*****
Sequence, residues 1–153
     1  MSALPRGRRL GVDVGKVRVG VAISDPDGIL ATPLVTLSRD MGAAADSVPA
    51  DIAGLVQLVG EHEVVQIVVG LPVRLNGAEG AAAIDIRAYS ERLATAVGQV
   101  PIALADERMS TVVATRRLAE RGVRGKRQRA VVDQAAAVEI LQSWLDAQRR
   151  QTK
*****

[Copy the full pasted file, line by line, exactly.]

Sequence, residues 1–153
     1  MSALPRGRRL GVDVGKVRVG VAISDPDGIL ATPLVTLSRD MGAAADSVPA
    51  DIAGLVQLVG EHEVVQIVVG LPVRLNGAEG AAAIDIRAYS ERLATAVGQV
   101  PIALADERMS TVVATRRLAE RGVRGKRQRA VVDQAAAVEI LQSWLDAQRR
   151  QTK